Did you ever run into a cranky IT manager? Whew, I have. They were cranky more often than not?
Why? Well for one thing, someone was always trying steal away their employees or usurp what they do. Of course, we couldn't as end users. They controlled everything and liked it that way. Now, that's all changing. Check out the tweet below from the CITE Conference (Consumerization of IT Expo) in San Francisco March 4-6.
Doesn't this go without saying? Or does it have to be said? Methinks the latter? This was a panel discussion or users and consultants. But why should CIOs fit the cloud into their plan? CIOs should demand to be shown not told.
Alas, this passage with show-me specifics from the CIO.com story ably summed up the overall conclusion in the headline.
It would seem to be a simple matter of IT listening closely and regularly to the business - marketing, finance, operations, manufacturing etc. It should be largely a one way conversation - those departments to IT which furiously takes notes and goes back to the proverbial drawing board and comes with technology that responds to those needs.
Since the first of the year, I’ve been giving a presentation on embracing technical trends for organizations – what strategists need to think about to address the needs of their organizations. At the end of the material, I include a summary of takeaway points. Since I haven’t posted anything to this site for a while, I thought I’d share them and see what kind of reaction develops:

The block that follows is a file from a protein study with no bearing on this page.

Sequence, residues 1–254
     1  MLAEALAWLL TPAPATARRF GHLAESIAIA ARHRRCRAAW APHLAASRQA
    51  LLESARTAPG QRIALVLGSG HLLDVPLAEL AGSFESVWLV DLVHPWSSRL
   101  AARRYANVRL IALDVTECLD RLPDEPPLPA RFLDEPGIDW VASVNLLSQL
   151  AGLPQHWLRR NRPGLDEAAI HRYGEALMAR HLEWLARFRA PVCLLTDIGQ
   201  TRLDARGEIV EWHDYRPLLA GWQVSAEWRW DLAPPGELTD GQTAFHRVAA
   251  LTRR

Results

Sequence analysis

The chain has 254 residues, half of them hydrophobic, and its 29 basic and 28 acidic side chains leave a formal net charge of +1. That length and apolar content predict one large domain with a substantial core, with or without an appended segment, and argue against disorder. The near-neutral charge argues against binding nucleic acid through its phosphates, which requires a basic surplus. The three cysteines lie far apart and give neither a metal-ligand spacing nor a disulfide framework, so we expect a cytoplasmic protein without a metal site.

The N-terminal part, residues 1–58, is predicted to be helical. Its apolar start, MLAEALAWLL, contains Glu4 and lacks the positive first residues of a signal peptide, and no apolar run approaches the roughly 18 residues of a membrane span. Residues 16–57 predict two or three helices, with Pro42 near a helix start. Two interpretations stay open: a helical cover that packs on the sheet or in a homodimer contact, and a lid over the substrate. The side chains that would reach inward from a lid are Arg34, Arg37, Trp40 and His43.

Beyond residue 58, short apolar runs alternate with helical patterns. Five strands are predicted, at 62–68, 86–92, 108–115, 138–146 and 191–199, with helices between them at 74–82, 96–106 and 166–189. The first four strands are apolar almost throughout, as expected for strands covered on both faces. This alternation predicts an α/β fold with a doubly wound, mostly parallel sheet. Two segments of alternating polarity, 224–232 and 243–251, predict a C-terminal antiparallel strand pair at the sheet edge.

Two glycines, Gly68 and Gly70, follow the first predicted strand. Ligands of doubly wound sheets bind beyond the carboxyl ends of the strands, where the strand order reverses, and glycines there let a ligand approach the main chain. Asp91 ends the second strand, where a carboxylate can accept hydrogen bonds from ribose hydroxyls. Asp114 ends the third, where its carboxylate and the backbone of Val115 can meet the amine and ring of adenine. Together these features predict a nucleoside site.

This week I was working on a presentation for the ISSIP Service Futures SIG titled: Service Futures and Drivers of Change. Part of the presentation included a discussion of megatrends – the industry independent trends that will shape our lives in the future and their effect on business decision making.
Last month, I attended the MIT CIO Symposium focused on the transformational CIO. At the event I ran into John Dodge (of this site). John said I hadn’t posted much recently so I thought I’d pass along a brief summary of the panels I attended:
I was in a discussion the other day about the state of automation and IT. We started talking using a quadrant chart (much favored by consulting organizations today), that had an axis for data and one for process that looked something like this.
Yesterday, we kicked off a Service Futures SIG within the International Society of Service Innovation Professionals (ISSIP), where we plan to focus on issues like this and its effect on organizations and their change management activities. The biggest trends are thoroughly discussed in the trade press, but we're trying to understand these issues earlier and from a more diverse set of perspectives.